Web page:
heritage materials, as well as the fact that some countries openly encourage
the sale of legally decontextualised archaeological objects on the art and
- The EAA draws attention to how the financial market value
of particular objects can be stimulated by any archaeological expert
appraisal and scientific analysis reports as providing proof of an
artefact’s provenance or genuine nature, thus making such objects more
desirable to purchasers.
- Archaeologists and
heritage science practitioners are thus called upon to be mindful of their
ethical responsibilities when carrying out research on archaeological
material in connection with private owners, and objects of potential
contested ownership, as well as material offered for sale on the art and
antiquities market. All archaeologists, scientists, conservators, and any
other professionals engaged in heritage science analyses and expert
evaluation are invited by the EAA to follow the ethical practice described
here, irrespective of EAA membership.
- In recent years,
archaeologists and scientists have experienced increasing demands for
scientific examination and expert appraisal of archaeological artefacts
and samples. These requests derive not only from archaeological field
units, public museums, local or regional authorities, universities or
other publicly-funded research institutions, but also from clients such as
antiquities dealers, auction houses, privately owned collections, and
individual owners or their representatives.
- Private clients
requesting expert evaluation often seek to use the results as a
“Certificate of Authenticity”. These documents typically focus on
scientific measurement of the approximate age of the object by
archaeometric dating methods, or evidence for possible forgeries;
specialists might also be approached for assistance in sampling and to add
affirmation to the studies of other experts. Presentation of data from
scientific analyses, or an expert archaeological appraisal, can help to
enhance the saleability and to increase the financial value of the object.
Hence the ultimate result is to support the commercial trade in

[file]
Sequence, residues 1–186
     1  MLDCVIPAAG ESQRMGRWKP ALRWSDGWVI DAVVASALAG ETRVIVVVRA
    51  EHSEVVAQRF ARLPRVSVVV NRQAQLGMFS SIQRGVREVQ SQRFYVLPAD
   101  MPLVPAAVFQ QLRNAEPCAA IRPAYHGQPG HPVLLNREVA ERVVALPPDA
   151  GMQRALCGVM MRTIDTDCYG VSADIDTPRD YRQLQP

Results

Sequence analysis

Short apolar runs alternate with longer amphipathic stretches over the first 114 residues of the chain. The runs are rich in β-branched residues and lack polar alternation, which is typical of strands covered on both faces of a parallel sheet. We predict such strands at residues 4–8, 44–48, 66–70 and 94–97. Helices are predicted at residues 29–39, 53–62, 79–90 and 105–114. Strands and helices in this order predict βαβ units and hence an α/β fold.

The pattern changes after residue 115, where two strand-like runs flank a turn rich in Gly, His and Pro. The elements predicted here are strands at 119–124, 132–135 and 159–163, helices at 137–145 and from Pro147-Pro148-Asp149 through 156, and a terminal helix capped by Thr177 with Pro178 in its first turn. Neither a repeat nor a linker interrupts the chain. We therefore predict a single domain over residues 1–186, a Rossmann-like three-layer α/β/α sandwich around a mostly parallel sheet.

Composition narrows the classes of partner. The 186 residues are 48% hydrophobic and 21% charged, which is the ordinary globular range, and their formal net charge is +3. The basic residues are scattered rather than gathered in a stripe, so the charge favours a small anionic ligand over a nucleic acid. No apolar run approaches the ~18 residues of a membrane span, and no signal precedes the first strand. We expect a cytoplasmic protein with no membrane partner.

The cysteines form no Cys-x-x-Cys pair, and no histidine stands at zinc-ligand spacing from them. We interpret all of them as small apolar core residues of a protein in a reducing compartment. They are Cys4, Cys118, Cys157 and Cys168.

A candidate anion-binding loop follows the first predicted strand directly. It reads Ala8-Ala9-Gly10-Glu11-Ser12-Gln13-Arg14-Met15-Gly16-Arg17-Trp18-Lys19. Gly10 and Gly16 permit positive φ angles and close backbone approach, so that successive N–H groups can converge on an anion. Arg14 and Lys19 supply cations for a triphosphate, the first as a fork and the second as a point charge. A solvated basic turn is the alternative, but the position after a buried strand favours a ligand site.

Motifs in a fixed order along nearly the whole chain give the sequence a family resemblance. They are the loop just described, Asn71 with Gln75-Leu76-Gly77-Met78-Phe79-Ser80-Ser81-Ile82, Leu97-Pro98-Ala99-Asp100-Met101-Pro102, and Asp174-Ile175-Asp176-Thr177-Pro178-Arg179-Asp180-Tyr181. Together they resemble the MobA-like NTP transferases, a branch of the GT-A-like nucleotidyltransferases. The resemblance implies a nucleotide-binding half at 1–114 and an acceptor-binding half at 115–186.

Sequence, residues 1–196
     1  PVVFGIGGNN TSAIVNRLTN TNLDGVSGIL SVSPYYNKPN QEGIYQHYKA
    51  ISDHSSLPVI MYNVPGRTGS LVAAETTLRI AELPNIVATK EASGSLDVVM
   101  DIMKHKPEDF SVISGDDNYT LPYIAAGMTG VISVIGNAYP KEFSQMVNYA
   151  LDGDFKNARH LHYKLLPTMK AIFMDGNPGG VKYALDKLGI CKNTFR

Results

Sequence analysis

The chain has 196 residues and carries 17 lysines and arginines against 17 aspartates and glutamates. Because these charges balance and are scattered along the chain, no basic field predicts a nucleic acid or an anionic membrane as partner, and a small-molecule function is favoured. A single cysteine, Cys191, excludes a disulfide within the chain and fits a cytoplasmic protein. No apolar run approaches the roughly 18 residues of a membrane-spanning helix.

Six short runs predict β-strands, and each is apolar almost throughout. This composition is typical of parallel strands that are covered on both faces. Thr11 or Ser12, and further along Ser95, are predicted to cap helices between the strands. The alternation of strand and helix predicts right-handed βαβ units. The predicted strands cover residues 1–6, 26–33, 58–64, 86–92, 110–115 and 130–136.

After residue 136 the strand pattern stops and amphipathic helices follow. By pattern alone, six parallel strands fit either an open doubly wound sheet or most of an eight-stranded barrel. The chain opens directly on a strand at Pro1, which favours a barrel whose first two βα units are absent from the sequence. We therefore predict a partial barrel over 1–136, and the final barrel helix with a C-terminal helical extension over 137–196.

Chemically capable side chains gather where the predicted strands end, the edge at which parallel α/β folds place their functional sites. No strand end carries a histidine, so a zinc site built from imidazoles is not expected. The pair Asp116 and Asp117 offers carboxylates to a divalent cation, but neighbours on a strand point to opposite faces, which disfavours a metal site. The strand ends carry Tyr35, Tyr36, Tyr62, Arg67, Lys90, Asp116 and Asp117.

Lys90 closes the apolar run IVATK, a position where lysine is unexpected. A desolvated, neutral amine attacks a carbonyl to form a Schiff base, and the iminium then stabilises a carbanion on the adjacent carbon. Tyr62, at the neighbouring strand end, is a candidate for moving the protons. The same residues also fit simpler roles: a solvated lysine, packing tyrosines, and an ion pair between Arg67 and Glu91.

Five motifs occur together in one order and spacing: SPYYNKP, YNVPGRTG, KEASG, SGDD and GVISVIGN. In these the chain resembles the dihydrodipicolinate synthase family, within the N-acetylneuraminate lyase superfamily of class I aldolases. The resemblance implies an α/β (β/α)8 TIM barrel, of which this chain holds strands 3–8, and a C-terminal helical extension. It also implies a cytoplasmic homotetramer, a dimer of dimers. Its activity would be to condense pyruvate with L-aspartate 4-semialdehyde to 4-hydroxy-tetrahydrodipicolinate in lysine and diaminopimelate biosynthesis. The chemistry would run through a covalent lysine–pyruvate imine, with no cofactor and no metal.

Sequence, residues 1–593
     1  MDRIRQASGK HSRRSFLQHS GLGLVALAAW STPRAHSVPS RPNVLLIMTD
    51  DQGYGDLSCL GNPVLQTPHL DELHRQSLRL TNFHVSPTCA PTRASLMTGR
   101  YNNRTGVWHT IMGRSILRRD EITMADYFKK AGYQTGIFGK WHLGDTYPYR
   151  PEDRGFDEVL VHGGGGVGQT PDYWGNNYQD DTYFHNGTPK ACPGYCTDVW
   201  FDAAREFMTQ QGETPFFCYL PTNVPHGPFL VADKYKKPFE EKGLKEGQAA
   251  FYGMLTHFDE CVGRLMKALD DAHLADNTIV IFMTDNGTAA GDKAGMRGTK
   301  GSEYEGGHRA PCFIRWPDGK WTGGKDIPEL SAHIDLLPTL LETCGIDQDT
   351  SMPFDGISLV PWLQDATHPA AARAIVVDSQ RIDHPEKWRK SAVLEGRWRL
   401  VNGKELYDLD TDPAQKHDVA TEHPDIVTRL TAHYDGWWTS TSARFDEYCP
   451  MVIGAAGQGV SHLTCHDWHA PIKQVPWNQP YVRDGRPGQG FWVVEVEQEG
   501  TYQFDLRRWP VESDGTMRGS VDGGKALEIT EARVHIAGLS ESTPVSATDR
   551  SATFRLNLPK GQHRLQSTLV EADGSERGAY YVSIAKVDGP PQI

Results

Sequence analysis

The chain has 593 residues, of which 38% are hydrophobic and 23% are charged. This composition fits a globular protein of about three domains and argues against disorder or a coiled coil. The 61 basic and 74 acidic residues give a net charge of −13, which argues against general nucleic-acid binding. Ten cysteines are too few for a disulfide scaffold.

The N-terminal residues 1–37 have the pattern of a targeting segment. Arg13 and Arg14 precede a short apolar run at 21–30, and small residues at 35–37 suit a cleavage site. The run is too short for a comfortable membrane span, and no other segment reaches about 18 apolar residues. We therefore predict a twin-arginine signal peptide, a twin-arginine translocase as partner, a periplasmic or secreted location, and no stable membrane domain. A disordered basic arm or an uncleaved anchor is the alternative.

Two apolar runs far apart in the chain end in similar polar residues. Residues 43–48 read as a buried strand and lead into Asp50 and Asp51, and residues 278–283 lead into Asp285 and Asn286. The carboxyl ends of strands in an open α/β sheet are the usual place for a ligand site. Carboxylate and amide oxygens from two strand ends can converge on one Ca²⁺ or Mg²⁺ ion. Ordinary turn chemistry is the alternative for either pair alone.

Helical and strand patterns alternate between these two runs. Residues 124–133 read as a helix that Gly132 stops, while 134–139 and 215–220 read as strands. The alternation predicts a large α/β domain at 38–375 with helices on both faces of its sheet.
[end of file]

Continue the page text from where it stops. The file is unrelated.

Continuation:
archaeological material on the art market. This contradicts the statutory
position of the EAA.
- The EAA aims to promote interest in archaeological remains as evidence of the human
past and as contributing to our knowledge of human culture, and to
discourage a focus upon any commercial value that may attach to such
material (Art. II. 7). The EAA aims to work for the elimination of any
form of illegal detection and collection, and the damage it causes to the
archaeological heritage (Art. II. 8).
- In archaeological
research, ‘value’ is not a quantifiable attribute inherent in objects
themselves; rather, it is the context and cultural meaning of an artefact
that comprises its entire value and defines its significance. Scientific
analyses and expert appraisal contribute evidence to the archaeological
interpretation of an object’s use and meaning. The use of scientific
techniques in the study of privately-owned material for “authentication”
consequently raises similar ethical issues to those acknowledged for many
years by conservators.
- Contemporary professional
practice in archaeological conservation advocates for investigation and
treatment methods that are reversible, involve minimum intervention, and
result in no permanent alteration to the original material. If extensive
restoration or reconstruction of missing components is carried out – for example
to aid the public in understanding an object that will be on display in a
museum – the new conservation work should be easily distinguishable from
the original material.
- The approach concerning
artefacts offered for sale on the art market differs from the customary
principles of archaeological conservation. Extensive restoration of
artefacts to make them appear as complete as possible, and to appear